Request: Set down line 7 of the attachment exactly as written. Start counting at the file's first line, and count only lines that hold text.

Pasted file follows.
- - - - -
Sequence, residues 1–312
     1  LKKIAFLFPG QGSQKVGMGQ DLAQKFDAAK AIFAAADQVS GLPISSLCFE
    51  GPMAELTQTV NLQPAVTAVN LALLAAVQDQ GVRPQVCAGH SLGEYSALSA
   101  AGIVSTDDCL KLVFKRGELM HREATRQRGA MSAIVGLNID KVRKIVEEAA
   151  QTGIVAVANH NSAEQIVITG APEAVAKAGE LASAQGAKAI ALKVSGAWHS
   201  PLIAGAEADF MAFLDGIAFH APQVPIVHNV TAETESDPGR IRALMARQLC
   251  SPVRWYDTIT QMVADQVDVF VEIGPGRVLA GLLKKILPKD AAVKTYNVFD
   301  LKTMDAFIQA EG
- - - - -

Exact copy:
   251  SPVRWYDTIT QMVADQVDVF VEIGPGRVLA GLLKKILPKD AAVKTYNVFD